NEW YORK – Regulators began dismantling Obama-era net neutrality rules with a vote on Thursday, opening the way to fewer restrictions on broadband providers and raising web companies’ fears they’ll face barriers to reaching customers.
The Federal Communications Commission in a 2-1 Republican-led vote gave preliminary approval to Chairman Ajit Pai’s plan to replace rules passed in 2015 by Democrats. Pai wants to remove strong legal authority that critics say over-regulates telephone and cable providers, and that defenders say is needed to enforce fair treatment of web traffic.
The action begins months of consideration leading to a second, conclusive vote.
“Today, we propose to repeal utility-style regulation of the internet,” said Pai, a Republican appointed by President Donald Trump.
Mignon Clyburn, the agency’s sole Democrat, offered what she called a vociferous dissent, calling the proposal “a political rush job.” The action “jeopardizes the ability of the open internet to function,” Clyburn said.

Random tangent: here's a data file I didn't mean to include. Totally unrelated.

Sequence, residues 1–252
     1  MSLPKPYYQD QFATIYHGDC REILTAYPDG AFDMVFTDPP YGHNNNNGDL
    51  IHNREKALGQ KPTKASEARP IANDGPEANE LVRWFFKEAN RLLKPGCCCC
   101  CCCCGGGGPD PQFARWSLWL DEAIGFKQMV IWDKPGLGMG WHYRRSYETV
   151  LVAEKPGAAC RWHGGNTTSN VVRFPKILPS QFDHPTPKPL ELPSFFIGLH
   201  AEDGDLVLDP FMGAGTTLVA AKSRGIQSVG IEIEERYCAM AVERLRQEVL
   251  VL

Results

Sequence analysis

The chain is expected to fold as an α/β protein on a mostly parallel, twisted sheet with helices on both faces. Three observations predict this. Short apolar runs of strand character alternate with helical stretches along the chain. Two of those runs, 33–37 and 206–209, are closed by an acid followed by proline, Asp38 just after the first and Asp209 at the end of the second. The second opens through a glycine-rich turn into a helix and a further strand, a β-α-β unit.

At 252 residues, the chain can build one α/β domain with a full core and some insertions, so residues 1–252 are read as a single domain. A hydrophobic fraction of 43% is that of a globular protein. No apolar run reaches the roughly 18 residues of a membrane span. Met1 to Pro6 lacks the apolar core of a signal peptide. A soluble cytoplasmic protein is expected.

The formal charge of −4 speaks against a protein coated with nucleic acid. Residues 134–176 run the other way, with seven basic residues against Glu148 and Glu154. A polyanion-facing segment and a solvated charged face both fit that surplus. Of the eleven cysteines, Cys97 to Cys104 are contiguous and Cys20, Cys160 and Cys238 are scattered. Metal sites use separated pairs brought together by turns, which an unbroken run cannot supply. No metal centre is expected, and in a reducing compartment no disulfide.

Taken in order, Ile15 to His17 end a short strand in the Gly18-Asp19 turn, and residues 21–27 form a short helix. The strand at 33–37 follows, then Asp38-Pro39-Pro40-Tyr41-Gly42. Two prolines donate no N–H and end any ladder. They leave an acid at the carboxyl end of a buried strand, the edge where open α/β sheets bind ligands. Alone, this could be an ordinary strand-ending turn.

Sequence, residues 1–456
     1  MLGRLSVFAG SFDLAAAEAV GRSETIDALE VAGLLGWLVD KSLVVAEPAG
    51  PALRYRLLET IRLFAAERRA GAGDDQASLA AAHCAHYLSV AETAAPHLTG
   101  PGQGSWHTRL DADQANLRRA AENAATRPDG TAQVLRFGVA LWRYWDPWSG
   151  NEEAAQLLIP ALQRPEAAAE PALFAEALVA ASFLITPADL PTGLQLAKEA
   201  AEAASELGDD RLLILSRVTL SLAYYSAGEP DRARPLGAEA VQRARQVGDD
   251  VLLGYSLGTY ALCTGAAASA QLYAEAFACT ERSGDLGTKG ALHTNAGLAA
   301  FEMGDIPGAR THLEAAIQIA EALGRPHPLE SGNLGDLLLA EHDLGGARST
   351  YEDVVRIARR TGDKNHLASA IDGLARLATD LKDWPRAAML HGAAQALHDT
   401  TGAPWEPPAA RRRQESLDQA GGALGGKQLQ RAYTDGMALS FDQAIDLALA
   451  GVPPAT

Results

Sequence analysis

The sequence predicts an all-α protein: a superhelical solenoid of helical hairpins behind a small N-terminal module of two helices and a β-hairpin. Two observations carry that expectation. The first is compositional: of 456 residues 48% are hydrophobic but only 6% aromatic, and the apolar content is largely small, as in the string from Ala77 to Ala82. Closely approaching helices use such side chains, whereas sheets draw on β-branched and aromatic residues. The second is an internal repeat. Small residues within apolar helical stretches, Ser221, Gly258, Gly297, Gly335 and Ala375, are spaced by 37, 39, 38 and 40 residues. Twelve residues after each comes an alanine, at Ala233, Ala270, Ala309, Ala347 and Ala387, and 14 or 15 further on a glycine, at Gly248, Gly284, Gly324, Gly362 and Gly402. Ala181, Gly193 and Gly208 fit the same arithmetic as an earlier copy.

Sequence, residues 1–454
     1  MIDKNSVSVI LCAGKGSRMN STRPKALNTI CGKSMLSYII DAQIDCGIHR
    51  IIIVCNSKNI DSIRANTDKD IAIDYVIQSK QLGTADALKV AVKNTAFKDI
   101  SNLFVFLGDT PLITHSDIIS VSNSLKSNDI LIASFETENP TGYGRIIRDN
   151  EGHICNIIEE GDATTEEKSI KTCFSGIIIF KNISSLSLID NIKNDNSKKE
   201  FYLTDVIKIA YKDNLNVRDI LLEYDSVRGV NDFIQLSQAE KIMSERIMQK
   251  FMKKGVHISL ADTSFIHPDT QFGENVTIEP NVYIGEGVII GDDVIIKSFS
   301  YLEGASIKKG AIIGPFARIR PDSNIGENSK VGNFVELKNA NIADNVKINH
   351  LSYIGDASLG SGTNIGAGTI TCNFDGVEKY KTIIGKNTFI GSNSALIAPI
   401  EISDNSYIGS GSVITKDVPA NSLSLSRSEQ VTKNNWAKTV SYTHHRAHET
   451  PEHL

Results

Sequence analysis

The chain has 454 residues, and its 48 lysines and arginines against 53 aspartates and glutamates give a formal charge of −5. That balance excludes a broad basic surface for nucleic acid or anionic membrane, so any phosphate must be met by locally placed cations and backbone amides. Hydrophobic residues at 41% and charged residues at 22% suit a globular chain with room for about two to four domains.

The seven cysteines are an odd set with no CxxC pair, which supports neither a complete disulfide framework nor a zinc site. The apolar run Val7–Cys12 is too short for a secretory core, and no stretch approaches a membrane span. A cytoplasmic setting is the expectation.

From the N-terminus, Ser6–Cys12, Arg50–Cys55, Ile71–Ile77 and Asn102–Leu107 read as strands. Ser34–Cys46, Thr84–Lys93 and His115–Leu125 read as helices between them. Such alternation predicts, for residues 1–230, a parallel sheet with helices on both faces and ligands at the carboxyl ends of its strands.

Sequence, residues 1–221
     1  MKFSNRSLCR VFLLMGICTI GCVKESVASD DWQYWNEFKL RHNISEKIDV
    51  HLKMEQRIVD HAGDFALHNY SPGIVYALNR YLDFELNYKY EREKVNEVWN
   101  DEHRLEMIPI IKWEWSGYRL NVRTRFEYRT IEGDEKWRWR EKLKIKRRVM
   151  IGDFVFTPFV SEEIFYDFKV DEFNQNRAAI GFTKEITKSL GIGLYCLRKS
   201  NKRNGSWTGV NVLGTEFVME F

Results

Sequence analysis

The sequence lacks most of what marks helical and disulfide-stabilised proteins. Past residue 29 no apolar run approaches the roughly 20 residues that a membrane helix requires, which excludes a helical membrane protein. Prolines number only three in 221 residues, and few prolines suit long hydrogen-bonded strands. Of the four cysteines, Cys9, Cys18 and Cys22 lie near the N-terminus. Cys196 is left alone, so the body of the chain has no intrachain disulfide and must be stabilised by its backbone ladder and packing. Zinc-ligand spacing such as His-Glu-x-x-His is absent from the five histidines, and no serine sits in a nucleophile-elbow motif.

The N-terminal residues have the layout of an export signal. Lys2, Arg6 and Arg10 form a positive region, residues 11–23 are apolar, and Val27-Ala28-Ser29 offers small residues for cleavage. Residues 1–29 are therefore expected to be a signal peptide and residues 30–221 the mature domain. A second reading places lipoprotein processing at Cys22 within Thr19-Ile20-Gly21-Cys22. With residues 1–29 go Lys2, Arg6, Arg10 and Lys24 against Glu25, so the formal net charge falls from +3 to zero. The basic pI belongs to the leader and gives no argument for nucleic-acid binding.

“Will any of the open internet rules survive this rulemaking? I am doubtful,” Clyburn said.
The embattled net neutrality rules bar internet service providers such as AT&T Inc., Comcast Corp. and Verizon Communications Inc. from blocking or slowing some web traffic in favor of other content — their own or a paying customer’s. The prospect of changing the rules produced a public outpouring, with the FCC registering more than 1.6 million emailed comments — many after TV comedian…
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